mayapple seeds even after finding 88 % of them viable
with a tetrazolium test. Badhwar and Sharma (1963) were
unsuccessful in germinating seeds of P. emodi even after
testing a wide variety of treatments to increase
germination. However, they found that seeds sown with
fresh mayapple fruit pulp germinated in 9 to 10 months.
Similar results were found in P. peltatum (Meijer, 1974).
Rust and Roth (1981) reported that turtle-ingested seeds
germinate faster and have higher probability of success
than non-ingested seeds of mayapple.
Troup, an investigator from India, was quoted as saying
that mayapple plants raised from rhizome cuttings “would
probably take at least 12 years to produce fair-sized
marketable rhizomes” (Badhwar and Sharma, 1963). The
investigator was also quoted as saying that plants raised
from seedlings would take even longer. Another
investigator, Chopra, was quoted as saying that
“rhizomes are fit to be collected for the market when they
are 2 to 4 years old.” Badhwar and Sharma (1963)
themselves experimented briefly with P. emodi rhizome
cuttings that were trimmed to ½ to 1 inch in length. From
34 to 98 % of the cuttings sprouted when planted from
May to July. Best results were obtained with cuttings
planted from late June to early July and with cuttings
taken from the youngest portion of the rhizome.
It was narrated that fall planted propagules produced
greater leaf area and dry mass than spring or summer
planted propagules and Nt+N1 type of propagules
produced greater leaf area than Nx or Nt (Maqbool et al.,
2002; Cushman and Maqbool, 2005). Maqbool et al.,
(2004), further reported that two-node rhizome segments
of American mayapple performed better than one-node
propagules and segments chilled 60 days or longer
performed far better than those chilled for shorter
duration under greenhouse conditions.
Successful propagation of P. peltatum using in vitro
techniques has been reported (Moraes-Cerdeira et al.,
1998). Rooted buds and rooted plantlets were produced
from micro-propagated rhizome terminal buds and it was
found that rooted buds acclimated more readily to in vivo
conditions than rooted plantlets. In 2004, Moraes et al.,
found that survival of P. peltatum plantlets from In vitro
propagation was higher in a medium containg non-sterile
soil (NS)–sand (2:1 v/v) substrate than in Miracle–Gro
potting mix®-sand (2:1 v/v) with or without inocula of
arbuscular mycorrhiza (AM). Plantlets inoculated with
Entrophospora colombiana had a superior survival rate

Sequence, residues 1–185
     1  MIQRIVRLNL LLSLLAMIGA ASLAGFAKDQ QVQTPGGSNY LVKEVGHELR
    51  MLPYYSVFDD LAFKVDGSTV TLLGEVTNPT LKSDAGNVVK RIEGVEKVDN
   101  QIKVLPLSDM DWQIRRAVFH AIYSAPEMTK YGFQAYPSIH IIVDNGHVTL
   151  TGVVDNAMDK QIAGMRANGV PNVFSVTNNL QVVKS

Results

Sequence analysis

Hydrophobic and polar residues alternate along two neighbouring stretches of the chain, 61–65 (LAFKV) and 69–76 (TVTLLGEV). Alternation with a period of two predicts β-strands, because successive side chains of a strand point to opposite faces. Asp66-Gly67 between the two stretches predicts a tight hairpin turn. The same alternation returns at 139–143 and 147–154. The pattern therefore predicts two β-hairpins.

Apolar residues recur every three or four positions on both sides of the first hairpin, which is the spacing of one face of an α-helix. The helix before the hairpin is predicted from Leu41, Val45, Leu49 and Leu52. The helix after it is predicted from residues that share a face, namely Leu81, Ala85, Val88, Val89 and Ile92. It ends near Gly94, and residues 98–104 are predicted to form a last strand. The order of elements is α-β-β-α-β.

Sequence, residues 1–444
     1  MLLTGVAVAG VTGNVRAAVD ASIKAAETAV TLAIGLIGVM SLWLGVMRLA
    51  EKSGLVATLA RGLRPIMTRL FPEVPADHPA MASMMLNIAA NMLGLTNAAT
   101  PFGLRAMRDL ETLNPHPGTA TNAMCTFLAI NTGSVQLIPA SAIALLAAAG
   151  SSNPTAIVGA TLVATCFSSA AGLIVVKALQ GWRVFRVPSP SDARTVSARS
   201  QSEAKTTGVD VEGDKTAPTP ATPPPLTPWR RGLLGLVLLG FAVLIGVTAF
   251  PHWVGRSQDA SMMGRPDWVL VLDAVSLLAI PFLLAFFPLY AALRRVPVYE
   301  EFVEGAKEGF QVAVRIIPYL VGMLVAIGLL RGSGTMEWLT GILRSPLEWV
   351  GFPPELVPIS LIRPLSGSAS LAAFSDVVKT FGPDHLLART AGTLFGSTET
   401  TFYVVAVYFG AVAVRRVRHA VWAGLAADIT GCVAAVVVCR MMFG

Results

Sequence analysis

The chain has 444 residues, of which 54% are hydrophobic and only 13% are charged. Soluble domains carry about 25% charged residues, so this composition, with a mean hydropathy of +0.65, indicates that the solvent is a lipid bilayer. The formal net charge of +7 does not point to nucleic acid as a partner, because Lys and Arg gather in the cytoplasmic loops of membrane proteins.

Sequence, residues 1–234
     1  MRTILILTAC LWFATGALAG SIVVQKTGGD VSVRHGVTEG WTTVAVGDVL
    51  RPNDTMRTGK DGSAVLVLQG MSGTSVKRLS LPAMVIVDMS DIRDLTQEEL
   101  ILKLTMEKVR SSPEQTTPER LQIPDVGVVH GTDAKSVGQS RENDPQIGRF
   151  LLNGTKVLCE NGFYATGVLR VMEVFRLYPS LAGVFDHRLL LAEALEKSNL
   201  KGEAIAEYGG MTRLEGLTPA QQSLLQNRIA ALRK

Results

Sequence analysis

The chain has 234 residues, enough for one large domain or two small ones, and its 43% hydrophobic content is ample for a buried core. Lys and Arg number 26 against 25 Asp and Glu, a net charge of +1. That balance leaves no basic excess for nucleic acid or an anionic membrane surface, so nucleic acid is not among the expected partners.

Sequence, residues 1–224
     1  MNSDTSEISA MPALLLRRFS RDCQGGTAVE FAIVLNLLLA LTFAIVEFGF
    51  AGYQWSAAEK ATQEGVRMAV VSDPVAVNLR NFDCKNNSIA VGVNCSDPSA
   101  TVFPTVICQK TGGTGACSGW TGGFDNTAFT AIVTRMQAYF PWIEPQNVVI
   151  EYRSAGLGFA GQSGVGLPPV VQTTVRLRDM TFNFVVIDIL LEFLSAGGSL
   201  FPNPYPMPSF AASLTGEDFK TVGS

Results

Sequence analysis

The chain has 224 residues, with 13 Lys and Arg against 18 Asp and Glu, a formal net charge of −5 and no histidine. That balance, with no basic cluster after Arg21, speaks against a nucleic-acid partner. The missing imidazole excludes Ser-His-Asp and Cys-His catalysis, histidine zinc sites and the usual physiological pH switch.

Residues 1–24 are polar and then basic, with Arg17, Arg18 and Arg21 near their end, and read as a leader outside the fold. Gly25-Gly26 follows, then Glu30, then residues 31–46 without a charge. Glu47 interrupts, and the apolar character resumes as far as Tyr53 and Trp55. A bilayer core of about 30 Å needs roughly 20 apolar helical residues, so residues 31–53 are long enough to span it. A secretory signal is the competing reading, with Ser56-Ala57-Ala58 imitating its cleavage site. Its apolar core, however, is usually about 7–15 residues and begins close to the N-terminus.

(73%) than plantlets inoculated with Glomus mosseae,
Gigaspora ramisporophora or Scutellospora fulgida
(57%). Ex vitro G. ramisporophora inoculated plants
yielded more podophyllotoxin and related lignans than
the control, non-inoculated plants. Similar observation
was also reported by Kapoor et al. (2008).
Mayapple is susceptible to rust. The causal organism is
Puccinia podophylli and it produces a non-systemic
infection that has two generations per year. The initial
infection occurs as shoots emerge in the early spring via
contact with soil that contains overwintering teliospores
(Whetzel et al., 1925). Bright orange lesions (aecia)
develop on leaves within two weeks. Aecia produce
airborne aeciospores that then re-infect the mayapple
leaves. Black lesions (telia) develop from which
overwintering teliospore are produced. The first
generation is the most harmful, since plants are damaged
early in their growth cycle. There is less damage during
the second generation, since telia development occurs in
the late spring just before normal leaf senescence.
According to Parker (1988), the demographic impact of
the disease in most mayapple colonies is minimal
because the plant has an effective morphological defense
that minimizes contact between spore-contaminated soil
and the emerging shoot in spring. Parker (1989)
observed however, higher levels of P. podophylli infection
on some non-native mayapple genotypes than on native
genotypes. Septotonia podophyllina infects mayapple, as
well as species of poplar and Salix. Large spots form on
leaves and the infection leads to premature leaf drop.
1044 J. Med. Plant. Res.
Pustules (sporodochia) with hyaline conidia appear,
allowing spread of the fungus to neighboring leaves and
plants (Gremmen, 1987).
Mayapple is poisonous to humans, but it is also thought
to produce toxins that prevent insect feeding. Faeth
(1978), however, identified three species of Lepidoptera
insects that were capable of detoxifying or metabolizing
these compounds. The larvae were able to mature to
adulthood when placed on live mayapple plants in the